Public: Education: Course
X-versity   (+1, -1)  [vote for, against]
Get Real Smart, Real Quick!

With today’s vast internet resource, it is possible to appear knowledgeable on subjects hitherto the exclusive bastion of learned graduates. X-versity courses comprise mainly of keyword lists, and logic trees that lead to the appropriate search engine input.

Engineering degrees are compressed into three months, medicine six, law two, and a Bachelor of Arts is knocked out in an afternoon.
-- Texticle, Jan 28 2009

You mean like this? http://en.wikiversi...kiversity:Main_Page
A bit similar. [nineteenthly, Jan 28 2009]

On a related note... Half_20Bachelors_20degree
[normzone, Jan 28 2009]

Re: Wikiversity, as idea was originally named: I just failed my first exam, by not searching the title first.

EDIT: Oh for the love of man - "Googleveristy" exists too?! Your suggestions for a title please.
-- Texticle, Jan 28 2009

I was just Googling that when you edited the title again!

In days of yore, back when my fingers hovered over a VAX terminal keyboard in temptation for accessing this thing called JANET, i used to spend a lot of time in uni libraries. I found them deeply distracting but i was able to achieve the same sort of status as it seems the World Wide Web does nowadays, except that knowledge became broader rather than deeper owing to the lack of info in certain areas without an inter-library loan.

I always felt really guilty about using JANET, so i didn't do it much.
-- nineteenthly, Jan 28 2009

Ontoversity? (Because what you're really learning is the ontology, in the sense of "set of basic categories," of the field.)
-- jutta, Jan 28 2009

That´s a mixed Greek and Latin word. I'd prefer "essentiaversity".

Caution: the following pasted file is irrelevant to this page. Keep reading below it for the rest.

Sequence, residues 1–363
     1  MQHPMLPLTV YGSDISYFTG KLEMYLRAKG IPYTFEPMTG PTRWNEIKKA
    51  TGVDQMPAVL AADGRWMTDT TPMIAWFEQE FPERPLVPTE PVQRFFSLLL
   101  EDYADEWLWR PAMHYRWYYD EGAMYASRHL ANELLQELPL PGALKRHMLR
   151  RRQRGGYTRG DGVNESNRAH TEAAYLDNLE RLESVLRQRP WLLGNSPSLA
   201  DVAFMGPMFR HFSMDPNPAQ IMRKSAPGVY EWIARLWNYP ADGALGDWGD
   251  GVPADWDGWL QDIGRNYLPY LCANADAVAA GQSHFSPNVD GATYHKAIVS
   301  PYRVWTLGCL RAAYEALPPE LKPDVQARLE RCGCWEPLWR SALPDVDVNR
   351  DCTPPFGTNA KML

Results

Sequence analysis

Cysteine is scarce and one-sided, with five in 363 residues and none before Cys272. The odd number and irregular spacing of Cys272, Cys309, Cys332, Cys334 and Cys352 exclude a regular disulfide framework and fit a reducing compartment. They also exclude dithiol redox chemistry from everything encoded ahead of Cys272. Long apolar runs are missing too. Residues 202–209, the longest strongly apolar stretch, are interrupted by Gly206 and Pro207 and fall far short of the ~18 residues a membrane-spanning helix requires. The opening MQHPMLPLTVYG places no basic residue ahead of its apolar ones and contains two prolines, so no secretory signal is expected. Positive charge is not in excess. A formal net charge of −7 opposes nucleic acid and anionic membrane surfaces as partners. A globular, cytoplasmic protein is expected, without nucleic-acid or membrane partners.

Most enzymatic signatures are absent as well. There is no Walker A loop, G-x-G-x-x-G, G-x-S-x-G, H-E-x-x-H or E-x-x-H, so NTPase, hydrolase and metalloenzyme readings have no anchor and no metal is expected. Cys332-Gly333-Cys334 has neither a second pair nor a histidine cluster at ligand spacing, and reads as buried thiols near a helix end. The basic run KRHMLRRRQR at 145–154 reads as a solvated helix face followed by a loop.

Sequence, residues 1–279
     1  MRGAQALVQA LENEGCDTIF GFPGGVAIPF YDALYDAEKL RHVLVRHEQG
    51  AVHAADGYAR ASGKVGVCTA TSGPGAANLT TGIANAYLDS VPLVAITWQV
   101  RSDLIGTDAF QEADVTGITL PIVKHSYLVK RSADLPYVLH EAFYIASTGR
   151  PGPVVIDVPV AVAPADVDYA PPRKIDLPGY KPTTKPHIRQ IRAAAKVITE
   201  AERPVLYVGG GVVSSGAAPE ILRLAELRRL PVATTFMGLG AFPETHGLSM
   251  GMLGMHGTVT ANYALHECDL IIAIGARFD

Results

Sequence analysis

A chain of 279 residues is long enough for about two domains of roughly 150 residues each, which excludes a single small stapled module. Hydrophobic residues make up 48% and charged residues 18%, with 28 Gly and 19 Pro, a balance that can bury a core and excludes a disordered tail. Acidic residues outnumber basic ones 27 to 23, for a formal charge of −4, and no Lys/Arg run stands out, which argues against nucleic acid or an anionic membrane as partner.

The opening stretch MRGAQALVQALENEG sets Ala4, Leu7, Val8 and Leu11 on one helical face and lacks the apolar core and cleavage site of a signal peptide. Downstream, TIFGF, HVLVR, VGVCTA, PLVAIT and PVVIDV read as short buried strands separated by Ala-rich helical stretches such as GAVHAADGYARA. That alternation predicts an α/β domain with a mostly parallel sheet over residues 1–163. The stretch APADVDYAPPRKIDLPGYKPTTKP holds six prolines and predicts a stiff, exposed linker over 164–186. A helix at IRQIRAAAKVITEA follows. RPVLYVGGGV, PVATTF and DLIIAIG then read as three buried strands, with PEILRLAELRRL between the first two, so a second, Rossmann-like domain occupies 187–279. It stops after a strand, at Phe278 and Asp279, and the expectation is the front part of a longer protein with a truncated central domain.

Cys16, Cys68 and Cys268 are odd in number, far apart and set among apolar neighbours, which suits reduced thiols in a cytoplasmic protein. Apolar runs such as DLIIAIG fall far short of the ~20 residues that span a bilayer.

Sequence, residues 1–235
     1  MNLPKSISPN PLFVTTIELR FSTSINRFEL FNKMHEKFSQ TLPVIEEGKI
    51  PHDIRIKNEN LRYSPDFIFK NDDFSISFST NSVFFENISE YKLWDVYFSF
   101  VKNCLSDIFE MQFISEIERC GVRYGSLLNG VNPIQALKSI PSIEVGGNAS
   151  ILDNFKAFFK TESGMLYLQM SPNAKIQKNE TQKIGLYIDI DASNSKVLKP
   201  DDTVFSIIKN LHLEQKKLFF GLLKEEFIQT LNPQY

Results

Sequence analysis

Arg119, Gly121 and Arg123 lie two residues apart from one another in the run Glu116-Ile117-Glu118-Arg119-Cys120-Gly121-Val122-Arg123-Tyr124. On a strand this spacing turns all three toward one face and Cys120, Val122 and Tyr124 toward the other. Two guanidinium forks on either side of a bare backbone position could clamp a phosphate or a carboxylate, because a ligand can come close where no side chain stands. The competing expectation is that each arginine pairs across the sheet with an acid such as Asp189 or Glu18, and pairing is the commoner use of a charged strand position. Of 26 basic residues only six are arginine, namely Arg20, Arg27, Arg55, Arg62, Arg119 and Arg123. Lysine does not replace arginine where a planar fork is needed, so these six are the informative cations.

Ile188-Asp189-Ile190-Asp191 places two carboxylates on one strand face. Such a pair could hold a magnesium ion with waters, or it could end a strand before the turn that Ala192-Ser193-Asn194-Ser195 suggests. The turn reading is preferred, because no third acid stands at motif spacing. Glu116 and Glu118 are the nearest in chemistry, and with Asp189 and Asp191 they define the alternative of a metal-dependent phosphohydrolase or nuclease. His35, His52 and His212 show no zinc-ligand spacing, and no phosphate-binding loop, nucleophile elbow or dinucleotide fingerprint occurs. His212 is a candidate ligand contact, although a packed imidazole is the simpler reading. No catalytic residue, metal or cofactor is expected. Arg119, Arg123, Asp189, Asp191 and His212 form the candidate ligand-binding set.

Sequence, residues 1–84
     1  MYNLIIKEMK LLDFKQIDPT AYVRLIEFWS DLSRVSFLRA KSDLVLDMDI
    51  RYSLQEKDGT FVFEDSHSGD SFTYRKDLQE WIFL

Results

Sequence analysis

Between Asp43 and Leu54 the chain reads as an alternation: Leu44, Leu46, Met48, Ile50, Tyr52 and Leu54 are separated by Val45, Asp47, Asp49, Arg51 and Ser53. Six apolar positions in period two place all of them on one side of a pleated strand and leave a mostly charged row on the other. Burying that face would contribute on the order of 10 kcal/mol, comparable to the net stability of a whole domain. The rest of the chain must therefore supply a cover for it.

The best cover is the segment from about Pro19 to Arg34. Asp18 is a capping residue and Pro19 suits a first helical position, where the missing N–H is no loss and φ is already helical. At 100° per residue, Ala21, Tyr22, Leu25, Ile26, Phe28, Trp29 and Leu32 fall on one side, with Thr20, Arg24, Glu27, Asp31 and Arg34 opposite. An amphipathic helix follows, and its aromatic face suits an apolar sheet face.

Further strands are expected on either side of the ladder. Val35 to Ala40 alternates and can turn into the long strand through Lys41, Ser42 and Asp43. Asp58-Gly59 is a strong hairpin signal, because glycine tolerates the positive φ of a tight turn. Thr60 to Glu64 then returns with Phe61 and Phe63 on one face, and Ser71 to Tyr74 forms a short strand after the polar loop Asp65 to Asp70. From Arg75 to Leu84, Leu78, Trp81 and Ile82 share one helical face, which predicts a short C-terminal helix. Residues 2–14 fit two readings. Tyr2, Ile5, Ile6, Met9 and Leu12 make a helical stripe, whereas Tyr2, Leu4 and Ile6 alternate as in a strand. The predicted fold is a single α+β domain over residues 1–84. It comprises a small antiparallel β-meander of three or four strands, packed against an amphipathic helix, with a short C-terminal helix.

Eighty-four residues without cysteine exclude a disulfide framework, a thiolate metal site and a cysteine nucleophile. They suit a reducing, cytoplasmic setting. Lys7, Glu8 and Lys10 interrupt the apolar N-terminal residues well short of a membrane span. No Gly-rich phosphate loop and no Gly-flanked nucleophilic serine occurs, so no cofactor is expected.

-- nineteenthly, Jan 28 2009

The thing about the motivation to plagiarise or cheat is that it's actually really sad. If you're interested in something, you're unlikely to be motivated to do either because it's just too interesting. So, if you're studying something, cheating strongly suggests you aren't motivated, in which case, why are you doing it? Obviously this applies more to university than school, but in the latter case it's understandable though it probably reflects alienation or coercion.
So, if you're doing it online, are you trying to impress people or what?
-- nineteenthly, Jan 28 2009

It is not so much about cheating per se, because in ‘appearing knowledgeable’, who are you cheating? To be able to calculate drag, or quote Chaucer, without haven’t spent years studying those and related items – is that so despicable?

It is really about a cut-to-the-chase approach to higher learning. Just teaching the bare bones because the details aren’t important. The details aren’t important because these days they are at your fingertips.

Up until the recent past, graduates needed to memorise all the details, so that they could draw upon them in work/study/discussions. No more. The internet holds the details; the graduate needs only to know what details to look for.
-- Texticle, Jan 29 2009

I don't see it as despicable so much as sad, meaning "sad". People don't really want to be doing what they're doing and they're settling for second best, which is sad for them that they seem to have no choice but to do so.

Concerning details, it depends on what you're doing. I make a point of no electrical devices in the consulting room other than light, heat and the otoscope/ophthalmoscope, and i'm dubious about the heat and light to be honest. I wouldn't want to be seen looking away from the patient to a PC or other device because it would undermine their confidence in me and break up the rapport. I can imagine, say, a carpenter, hairdresser or surgeon having quite some difficulty looking up the details. How would you feel about a dentist going off to look something up, leaving you with an open mouth, clamps and the rest?

Also, someone somewhere has to provide the details. Otherwise it's like the mediæval "look it up in Aristotle" approach.
-- nineteenthly, Jan 29 2009

As a proud graduate of this global university (i.e. someone who googles a lot) I don't think it's cheating at all - just as long as I don't try mocking up any certificates, does it matter* if one of my sources of knowledge is internet based rather than print?

*with the proviso that I treat anything I read online with a degree of scepticism - but then, what makes that any different to print?
-- zen_tom, Jan 29 2009

Maybe it should offer a degree in scepticism.
-- nineteenthly, Jan 29 2009

/Also, someone somewhere has to provide the details./

Indeed. Someone, somewhere has to build roads - but that doesn't mean we need to build our own roads every time we want to use the car.
-- Texticle, Jan 29 2009

Also doesn't mean you put a floating bridge on dry ground, or use a corduroy road for a major interstate.
-- FlyingToaster, Jan 30 2009

random, halfbakery